This is actually something that just came up internally that we've been pondering. We want to have a bit more guidance around these issues, especially for our moderators, to prevent some of the very negative experiences we've been seeing around some particular users over the years that originate around Meta questions.
Focus on the problem, not the user.
There's a reason we always kill off the specific-user tag every time it appears. Focusing a Meta question around a specific user almost always leads to a horrible situation. Yes, it can be difficult sometimes to bring up an issue without mentioning a user, but users should try their hardest to leave links to user pages out of their question at all costs. Instead, describe the issue generally.
- If someone closed your question, focus on why was the question closed rather than why is this user closing questions.
- If you think someone is abusing the review queue, focus on what appropriate review behavior is rather than is this person abusing our site.
- If you are concerned about something in a user's profile, focus on what content is allowed in profiles rather than is this user allowed to have this.
If the community reaches a consensus on something being inappropriate, then you have an action item. Go flag one of that user's posts or use the contact form to report the behavior, referencing the Meta question. Never call out the user on Meta directly.
Even in cases where the user's name is very easily accessible (for example, in a case where you link a question and their name is visible right on the page), directly mentioning the user in your question shifts the focus away from your actual problem and onto the user in general. That kind of focus shift isn't necessary and only distracts others from the real issue: the behavior.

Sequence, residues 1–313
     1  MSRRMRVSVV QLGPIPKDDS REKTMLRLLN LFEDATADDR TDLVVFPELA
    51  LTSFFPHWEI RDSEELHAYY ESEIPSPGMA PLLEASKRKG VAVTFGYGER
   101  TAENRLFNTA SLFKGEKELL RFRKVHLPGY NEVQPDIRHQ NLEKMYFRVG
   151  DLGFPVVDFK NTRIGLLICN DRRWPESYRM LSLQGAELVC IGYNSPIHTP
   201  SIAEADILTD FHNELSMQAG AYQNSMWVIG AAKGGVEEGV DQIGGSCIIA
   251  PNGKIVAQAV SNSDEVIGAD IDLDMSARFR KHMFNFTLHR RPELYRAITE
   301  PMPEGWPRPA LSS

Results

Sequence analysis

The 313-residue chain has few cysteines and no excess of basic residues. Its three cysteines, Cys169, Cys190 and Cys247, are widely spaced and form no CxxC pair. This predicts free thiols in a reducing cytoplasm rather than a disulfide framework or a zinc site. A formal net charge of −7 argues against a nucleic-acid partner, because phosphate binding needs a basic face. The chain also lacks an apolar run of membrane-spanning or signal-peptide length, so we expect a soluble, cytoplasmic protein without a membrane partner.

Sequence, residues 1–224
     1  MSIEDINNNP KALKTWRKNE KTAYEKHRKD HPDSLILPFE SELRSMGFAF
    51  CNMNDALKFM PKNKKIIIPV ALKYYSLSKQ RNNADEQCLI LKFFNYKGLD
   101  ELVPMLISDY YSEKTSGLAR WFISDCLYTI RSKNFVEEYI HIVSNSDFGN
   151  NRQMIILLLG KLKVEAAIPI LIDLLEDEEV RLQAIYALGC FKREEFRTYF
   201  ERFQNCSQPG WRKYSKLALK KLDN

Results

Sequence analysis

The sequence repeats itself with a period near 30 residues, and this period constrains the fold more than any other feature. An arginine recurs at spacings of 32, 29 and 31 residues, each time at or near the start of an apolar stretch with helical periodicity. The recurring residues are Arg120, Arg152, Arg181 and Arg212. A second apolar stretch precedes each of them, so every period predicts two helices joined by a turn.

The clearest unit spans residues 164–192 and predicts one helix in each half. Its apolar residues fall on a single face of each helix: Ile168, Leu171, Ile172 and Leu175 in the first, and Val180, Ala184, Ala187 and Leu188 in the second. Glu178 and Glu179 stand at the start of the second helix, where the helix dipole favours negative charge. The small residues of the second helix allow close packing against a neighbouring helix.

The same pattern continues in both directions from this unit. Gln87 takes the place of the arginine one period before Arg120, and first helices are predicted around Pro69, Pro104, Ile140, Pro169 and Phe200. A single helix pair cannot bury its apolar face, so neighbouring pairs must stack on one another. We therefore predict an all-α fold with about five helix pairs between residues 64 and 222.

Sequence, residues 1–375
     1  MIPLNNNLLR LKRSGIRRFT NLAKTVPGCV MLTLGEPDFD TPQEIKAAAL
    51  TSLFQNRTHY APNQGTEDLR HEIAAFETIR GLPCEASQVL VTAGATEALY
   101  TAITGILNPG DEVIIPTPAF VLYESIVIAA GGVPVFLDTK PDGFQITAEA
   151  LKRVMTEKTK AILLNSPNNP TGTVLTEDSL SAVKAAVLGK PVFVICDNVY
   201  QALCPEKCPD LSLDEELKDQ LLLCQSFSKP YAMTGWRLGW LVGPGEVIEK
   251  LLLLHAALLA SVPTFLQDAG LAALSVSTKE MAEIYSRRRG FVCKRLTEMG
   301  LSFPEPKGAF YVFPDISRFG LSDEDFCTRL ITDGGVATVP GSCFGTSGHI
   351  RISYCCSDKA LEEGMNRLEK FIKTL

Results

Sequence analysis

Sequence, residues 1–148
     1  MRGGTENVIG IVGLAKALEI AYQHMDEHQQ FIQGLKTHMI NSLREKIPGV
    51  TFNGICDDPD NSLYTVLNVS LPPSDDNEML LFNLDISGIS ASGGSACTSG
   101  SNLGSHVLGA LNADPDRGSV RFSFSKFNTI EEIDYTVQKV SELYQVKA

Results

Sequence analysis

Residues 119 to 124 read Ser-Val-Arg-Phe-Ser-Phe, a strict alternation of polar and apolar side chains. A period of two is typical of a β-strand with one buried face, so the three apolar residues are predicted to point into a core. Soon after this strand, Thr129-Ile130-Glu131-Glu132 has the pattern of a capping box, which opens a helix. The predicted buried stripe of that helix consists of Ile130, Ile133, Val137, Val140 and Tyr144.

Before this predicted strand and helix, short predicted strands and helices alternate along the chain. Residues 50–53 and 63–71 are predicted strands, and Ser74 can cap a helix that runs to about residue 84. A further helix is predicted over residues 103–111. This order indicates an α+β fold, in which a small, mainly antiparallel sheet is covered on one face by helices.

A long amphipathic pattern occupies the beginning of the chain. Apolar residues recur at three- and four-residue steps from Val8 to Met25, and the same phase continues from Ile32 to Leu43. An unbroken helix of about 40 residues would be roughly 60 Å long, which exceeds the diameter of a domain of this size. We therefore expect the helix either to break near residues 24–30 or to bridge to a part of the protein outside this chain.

What if you were in that situation?
Nobody really enjoys being called out about something they've done, but there is a way to ease the pain. Bringing up an issue in a generalized way invites the community to discuss an issue in more neutral context, which not only benefits the community by focusing them on the issue, but also benefits the user whose behavior is being discussed.
Pointing at a specific user and shouting "you're doing it wrong" at them only stirs up their emotions. Depending on the user, it might get their adrenaline pumping, could make them extremely confused about what they've done wrong, or could just make them feel awful about themselves. That's not entirely fair in a situation where they may simply not have understood what they were doing, or were legitimately trying to help out and just went too far.
A neutral setting is much more inviting for that user to come in and participate in a calm manner and explain their reasoning behind the behavior.
It's far from a perfect solution, still fairly subjective, and very much still up for debate.
- If the question can be generalized in a way where users are not mentioned in the question at all, users and/or moderators should simply remove those mentions from the question.
- If the question cannot be generalized because it requires specifics, or removing the user's name from the question would not help the situation (damage is already done), moderators should delete the question immediately and leave an explanatory comment advising them to flag or use the contact page.
- Comments which point out the specific user or discuss the user's actions other than the behavior currently being discussed should be immediately deleted. Meta is not a place for creating a log of a user's past history or misdeeds.
That's still a pretty big judgement call, but we want to emphasize that mentioning users is inappropriate. Discussing a specific user in a way that just starts airing their dirty laundry is never constructive, no matter how civil the conversation is. We've seen plenty of conversations that remained fairly civil on Meta, but had disastrous consequences on the main site and even off-site.
Your goal in asking a Meta question should be to find out what the correct behavior is, not to correct the behavior yourself. If your question happens to achieve correcting the behavior, great, but that shouldn't be the focus. We are not here to shame users until they feel they have no option but to leave completely.